Germany is charging one of its own intelligence agents with treason for covertly passing secret information to both the CIA and Russian agents.
Charges against the 32-year-old former agent with the BND intelligence service — who is being identified only as Markus R., due to German privacy law — come more than a year after his arrest last July, which at the time marked a new low in U.S.-German relations.
Last year’s arrest came after outrage from Germany in response to news that the National Security Agency (NSA) had secretly spied on its leaders — including Chancellor Angela Merkel — and threatened to fracture the intelligence cooperation between the two nations.
According to the German prosecutor’s office, Markus R. was hired by the BND in 2007 and quickly began to hand classified information to the CIA in exchange for “financial rewards” totaling at least €95,000 — or $107,000 — from 2008 until his arrest last summer.
In 2014, he also sent three secret documents to Russia’s secret service, the prosecutor's office claimed.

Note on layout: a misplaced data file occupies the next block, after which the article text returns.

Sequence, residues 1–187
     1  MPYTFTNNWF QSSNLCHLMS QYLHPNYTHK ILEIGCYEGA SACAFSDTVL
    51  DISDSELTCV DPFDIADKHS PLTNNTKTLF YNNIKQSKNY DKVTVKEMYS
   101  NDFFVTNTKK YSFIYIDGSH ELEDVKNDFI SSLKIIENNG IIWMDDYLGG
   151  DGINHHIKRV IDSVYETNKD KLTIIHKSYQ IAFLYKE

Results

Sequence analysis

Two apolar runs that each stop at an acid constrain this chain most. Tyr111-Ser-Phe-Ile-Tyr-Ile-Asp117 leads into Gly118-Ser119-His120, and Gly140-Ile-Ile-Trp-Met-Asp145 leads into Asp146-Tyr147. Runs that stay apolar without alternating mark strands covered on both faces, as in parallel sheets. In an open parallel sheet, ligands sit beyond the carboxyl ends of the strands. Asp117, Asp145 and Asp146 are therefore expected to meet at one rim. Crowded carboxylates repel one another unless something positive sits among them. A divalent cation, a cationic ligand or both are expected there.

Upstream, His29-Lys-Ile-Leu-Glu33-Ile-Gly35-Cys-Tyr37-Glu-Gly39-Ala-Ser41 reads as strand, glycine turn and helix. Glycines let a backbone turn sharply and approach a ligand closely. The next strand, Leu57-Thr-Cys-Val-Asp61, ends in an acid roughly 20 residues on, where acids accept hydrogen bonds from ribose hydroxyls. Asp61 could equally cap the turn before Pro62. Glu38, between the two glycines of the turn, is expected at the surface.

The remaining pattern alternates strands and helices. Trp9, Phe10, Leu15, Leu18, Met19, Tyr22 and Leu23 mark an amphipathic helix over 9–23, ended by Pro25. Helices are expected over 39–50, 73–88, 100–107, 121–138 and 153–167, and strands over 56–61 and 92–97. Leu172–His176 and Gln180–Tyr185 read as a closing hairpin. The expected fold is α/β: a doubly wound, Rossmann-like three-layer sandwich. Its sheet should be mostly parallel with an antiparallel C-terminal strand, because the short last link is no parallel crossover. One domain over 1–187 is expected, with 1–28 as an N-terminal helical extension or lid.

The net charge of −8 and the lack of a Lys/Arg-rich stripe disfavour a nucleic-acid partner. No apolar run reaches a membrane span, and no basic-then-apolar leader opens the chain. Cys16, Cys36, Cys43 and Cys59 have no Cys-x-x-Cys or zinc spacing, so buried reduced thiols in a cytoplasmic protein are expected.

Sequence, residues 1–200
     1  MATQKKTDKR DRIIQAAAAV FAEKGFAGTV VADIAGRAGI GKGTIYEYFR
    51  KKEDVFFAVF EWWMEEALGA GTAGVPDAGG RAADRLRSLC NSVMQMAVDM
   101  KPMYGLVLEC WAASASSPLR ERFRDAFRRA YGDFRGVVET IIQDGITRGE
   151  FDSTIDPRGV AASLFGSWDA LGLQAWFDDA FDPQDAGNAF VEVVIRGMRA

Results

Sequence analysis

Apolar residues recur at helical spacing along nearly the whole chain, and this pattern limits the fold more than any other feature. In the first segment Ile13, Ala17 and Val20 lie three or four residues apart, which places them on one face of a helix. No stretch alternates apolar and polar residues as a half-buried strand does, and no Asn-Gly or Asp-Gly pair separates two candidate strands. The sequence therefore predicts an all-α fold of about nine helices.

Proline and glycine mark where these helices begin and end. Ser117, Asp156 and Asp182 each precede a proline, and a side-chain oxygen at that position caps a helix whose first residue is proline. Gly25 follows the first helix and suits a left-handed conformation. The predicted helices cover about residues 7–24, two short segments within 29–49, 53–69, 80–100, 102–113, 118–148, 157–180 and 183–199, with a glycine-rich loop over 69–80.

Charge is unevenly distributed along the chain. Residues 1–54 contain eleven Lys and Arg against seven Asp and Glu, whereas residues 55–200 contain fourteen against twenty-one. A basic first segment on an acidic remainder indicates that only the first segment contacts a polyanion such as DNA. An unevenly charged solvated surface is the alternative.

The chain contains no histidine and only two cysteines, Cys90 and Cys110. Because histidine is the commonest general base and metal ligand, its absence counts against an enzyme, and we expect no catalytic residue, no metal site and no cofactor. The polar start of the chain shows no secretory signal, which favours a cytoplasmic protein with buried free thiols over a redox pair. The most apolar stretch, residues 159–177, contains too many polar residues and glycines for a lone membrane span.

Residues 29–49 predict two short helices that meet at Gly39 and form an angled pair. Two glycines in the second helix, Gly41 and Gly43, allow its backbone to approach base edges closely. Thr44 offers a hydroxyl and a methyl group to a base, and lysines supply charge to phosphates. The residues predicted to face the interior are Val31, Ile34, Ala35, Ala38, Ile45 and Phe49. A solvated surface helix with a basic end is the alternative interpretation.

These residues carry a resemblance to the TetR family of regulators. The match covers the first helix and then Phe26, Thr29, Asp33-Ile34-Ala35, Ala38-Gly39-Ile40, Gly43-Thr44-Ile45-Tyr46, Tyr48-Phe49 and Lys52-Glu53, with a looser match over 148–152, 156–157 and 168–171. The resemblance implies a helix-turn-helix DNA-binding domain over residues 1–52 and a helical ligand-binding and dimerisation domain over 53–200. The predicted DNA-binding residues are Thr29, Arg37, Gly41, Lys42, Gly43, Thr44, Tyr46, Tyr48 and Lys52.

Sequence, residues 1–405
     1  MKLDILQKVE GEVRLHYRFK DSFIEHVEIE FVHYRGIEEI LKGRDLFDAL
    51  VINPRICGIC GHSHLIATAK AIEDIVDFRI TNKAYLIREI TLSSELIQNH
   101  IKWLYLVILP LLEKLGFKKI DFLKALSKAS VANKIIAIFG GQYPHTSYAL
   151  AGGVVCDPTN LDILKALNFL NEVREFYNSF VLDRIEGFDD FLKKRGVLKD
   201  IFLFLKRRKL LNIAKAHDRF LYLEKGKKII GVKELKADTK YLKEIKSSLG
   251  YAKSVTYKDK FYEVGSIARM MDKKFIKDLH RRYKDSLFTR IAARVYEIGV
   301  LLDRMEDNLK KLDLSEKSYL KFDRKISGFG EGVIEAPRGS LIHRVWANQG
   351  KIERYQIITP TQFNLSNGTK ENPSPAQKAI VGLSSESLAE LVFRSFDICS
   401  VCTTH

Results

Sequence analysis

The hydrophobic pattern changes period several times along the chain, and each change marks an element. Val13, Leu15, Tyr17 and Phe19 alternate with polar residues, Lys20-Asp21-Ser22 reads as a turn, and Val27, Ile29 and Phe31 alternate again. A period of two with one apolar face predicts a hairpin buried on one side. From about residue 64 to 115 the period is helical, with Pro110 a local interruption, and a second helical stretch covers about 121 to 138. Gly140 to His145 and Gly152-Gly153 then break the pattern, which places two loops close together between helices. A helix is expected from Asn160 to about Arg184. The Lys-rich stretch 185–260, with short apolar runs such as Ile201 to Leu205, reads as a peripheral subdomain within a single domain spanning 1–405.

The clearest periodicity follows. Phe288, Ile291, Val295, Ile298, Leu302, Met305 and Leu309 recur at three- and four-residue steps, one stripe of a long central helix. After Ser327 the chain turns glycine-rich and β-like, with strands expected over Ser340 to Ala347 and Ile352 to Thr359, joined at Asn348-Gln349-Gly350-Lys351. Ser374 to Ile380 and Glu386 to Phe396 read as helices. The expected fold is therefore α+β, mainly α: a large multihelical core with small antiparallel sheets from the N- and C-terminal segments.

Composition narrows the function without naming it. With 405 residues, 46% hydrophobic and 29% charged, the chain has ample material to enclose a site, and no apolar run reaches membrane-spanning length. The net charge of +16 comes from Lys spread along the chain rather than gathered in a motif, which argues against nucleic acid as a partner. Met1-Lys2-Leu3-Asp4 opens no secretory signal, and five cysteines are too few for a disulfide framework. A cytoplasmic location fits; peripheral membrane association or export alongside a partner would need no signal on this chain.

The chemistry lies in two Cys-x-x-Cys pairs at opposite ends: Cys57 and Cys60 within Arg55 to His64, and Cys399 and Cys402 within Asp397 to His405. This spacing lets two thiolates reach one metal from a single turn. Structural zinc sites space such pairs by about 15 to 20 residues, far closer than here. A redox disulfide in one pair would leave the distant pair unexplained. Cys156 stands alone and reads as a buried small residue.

In doing so, he “caused the risk of serious danger for the external security of the Federal Republic of Germany,” the office added.
He was charged on Aug. 11 with two counts of treason, revealing official secrets and corruption, the office announced on Thursday.
According to reports, Markus. R could face up to 15 years in prison if found guilty.
His arrest last summer came as tensions mounted for the U.S. and Germany, which was still reeling from the damage caused by Edward Snowden’s disclosures about the NSA.
In response, Germany asked the CIA’s Berlin station chief to leave the country.
Despite the hot rhetoric a year ago, relations between Berlin and Washington have largely calmed of late, due to commitments made by the Obama administration to reel back its spying against friendly foreign leaders and in the face of more pressing international challenges, from the Iranian nuclear agreement to Russian encroachment in Ukraine.
The CIA declined to comment on the charges on Friday.